That would depend on how much choice they have in their assignments. You can say that they are perfectly free to accept or reject any particular offer, but there exists a window of time inside of which they must accept *some* offer, or starve (or more likely, evicted). The smaller the window, the less autonomy they have.

For that matter, a regular employee, who has access to severance pay and unemployment compensation, may well have a larger window of job selection available than an equivalent consultant. As you note later, of course, this comes at a price that those billed are becoming increasingly unwilling to pay, so the increased prominence of the consultant is certainly explicable.

34

Sebastian Holsclaw 01.17.05 at 9:55 pm

And a lot of it comes down to individual temperament or choices not likely to be captured in government rules. I know some people who would be great consultants, but temperamentally they prefer the stability of a corporate job. Others are merely good consultants, but they like the risks related rewards of living outside the corporate bubble. Some people have children, and want to skew toward security for that reason. Some people might dislike their wives and take consulting work to make it easier to stay away from home. That kind of stuff is pretty much beyond useful legislative capability.

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David Foster 01.17.05 at 10:46 pm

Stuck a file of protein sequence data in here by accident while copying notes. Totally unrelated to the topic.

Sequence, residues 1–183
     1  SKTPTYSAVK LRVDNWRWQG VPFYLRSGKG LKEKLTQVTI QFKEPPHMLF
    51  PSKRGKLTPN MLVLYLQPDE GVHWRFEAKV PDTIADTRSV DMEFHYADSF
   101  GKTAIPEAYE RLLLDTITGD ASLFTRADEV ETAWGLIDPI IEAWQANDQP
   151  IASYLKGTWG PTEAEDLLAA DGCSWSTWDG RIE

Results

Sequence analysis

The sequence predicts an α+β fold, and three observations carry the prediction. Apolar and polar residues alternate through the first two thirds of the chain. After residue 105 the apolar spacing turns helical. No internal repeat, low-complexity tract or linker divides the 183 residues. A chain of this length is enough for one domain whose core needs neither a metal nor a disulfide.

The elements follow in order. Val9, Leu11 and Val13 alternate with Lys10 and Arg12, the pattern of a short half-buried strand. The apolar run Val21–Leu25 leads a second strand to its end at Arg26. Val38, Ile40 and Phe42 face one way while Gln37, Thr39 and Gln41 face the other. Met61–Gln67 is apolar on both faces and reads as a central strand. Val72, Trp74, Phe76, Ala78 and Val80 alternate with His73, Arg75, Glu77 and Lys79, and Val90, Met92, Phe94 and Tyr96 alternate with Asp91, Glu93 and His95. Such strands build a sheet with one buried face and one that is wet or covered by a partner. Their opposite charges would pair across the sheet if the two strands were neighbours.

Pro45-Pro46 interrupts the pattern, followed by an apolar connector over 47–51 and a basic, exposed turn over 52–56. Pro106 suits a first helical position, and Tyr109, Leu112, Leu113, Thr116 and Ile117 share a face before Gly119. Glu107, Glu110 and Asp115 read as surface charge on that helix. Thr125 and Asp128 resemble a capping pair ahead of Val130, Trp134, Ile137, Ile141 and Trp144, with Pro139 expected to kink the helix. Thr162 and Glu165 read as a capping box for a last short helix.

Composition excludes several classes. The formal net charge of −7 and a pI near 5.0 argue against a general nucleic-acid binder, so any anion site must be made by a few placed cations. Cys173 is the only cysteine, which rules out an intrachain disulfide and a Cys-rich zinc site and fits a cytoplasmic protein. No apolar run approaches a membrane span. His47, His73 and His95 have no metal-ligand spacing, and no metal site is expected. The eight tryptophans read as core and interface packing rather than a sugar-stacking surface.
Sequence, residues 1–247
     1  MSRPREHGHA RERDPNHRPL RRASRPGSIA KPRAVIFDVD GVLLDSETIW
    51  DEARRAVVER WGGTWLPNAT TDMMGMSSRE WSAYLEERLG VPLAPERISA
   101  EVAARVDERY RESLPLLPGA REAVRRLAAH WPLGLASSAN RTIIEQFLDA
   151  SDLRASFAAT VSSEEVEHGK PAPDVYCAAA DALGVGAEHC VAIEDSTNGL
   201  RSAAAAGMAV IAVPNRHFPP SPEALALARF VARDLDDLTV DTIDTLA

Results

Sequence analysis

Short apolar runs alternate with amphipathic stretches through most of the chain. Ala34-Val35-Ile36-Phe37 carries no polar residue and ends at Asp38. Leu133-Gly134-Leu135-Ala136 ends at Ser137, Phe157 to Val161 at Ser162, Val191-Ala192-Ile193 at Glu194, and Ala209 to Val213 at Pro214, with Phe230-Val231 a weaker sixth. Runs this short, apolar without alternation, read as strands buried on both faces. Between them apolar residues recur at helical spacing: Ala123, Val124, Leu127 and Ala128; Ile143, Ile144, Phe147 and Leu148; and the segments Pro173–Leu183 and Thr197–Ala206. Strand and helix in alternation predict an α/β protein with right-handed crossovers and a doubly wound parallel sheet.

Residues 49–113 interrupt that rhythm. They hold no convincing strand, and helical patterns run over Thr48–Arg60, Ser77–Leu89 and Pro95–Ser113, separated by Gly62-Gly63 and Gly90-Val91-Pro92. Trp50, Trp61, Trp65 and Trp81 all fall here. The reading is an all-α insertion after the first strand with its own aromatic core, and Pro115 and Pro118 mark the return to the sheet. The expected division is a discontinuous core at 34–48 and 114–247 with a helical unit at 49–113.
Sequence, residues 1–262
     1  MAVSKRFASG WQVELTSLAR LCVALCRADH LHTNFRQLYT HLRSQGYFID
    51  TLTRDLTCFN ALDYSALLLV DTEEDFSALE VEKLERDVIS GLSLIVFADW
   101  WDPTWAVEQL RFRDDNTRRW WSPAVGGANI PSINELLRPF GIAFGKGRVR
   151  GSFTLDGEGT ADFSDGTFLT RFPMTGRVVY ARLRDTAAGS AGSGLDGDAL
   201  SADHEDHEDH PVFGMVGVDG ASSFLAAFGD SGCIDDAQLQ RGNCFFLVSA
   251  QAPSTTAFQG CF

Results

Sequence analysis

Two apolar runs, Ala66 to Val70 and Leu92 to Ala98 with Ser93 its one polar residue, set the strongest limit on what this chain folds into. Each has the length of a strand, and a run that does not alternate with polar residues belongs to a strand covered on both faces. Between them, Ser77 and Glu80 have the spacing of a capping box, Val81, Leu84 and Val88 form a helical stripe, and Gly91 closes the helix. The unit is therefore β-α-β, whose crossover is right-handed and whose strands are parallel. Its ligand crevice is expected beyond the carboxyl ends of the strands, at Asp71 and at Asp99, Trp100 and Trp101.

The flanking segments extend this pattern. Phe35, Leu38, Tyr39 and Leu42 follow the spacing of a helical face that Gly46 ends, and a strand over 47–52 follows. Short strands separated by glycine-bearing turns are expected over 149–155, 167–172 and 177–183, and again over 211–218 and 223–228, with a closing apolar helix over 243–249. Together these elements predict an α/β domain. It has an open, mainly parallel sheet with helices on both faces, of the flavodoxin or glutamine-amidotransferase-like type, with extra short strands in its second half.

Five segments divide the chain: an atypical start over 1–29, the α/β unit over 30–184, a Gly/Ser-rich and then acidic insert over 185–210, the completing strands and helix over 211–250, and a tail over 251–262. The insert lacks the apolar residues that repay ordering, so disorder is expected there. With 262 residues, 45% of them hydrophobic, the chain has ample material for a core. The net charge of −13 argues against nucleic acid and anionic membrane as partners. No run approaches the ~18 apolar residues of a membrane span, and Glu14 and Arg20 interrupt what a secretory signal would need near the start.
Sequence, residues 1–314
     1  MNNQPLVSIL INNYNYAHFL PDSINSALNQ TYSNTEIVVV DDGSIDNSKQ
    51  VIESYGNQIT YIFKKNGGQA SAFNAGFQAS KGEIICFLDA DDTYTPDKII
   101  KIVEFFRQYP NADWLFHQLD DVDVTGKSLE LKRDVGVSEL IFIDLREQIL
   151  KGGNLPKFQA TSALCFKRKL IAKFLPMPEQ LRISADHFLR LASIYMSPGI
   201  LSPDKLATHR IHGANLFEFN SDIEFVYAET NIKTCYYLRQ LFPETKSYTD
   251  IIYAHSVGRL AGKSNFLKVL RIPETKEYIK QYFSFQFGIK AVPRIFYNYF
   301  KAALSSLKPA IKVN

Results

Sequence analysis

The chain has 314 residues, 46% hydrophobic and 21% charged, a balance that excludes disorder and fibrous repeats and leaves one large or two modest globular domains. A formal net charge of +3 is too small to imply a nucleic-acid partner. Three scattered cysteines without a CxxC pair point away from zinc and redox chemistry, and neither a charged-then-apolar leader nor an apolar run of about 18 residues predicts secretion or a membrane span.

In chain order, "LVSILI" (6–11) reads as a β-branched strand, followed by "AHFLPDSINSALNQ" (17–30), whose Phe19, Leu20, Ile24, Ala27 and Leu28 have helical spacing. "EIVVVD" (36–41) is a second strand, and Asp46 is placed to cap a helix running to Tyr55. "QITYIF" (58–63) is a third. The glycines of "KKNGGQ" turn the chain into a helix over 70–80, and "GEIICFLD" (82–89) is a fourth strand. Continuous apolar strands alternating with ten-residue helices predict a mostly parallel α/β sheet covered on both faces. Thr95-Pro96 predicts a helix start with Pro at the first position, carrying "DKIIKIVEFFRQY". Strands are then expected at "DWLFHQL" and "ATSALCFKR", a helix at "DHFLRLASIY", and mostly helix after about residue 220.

Somewhere I saw a study that analyzed stress against two axes: demand and control. A job with fairly high demand but very little control (say, working in a call center) might actually have less stress than a job with very high demand but also with considerable control (air traffic controller).

Don’t remember the source, though.

36

rob 01.17.05 at 11:36 pm

Micah,

I was going to say this in my earlier post, because I thought that you might be going on to say something like this, but anarchism is also a restriction of autonomy, particularly if you equate it with pure market relations, which it is a pretty weird thing to do anyway. Pure market relations would leave some people in a state of extreme poverty, and people in extreme poverty do not have autonomy, because they are dependent on others to provide them with the material resources to do anything. Thus they cannot be self-directing, because they must do what others want in order to get the resources to do anything, in some cases, even survive at all. The state’s coercive apparatus is not the only source of the loss of autonomy: poverty and indoctrination can also cause the loss of autonomy, because they prevent people from acting on their own reasons, rather than someone else’s. The Nozickean libertarian claim about freedom is a negative liberty type claim, and while there may be something to said for the view, equating that type of freedom with autonomy is quite misleading: autonomy implies some level of control, and negative freedom is not about control, but freedom from interference.

Speaking of indoctrination, this is the root of the worry about consumerism. The claim is not that people are not, in a negative liberty sense, free to not be consumers in the sense that worries the left and some conservatives, but that, at least for the left, they are indoctrinated into relentless consumption by a culture of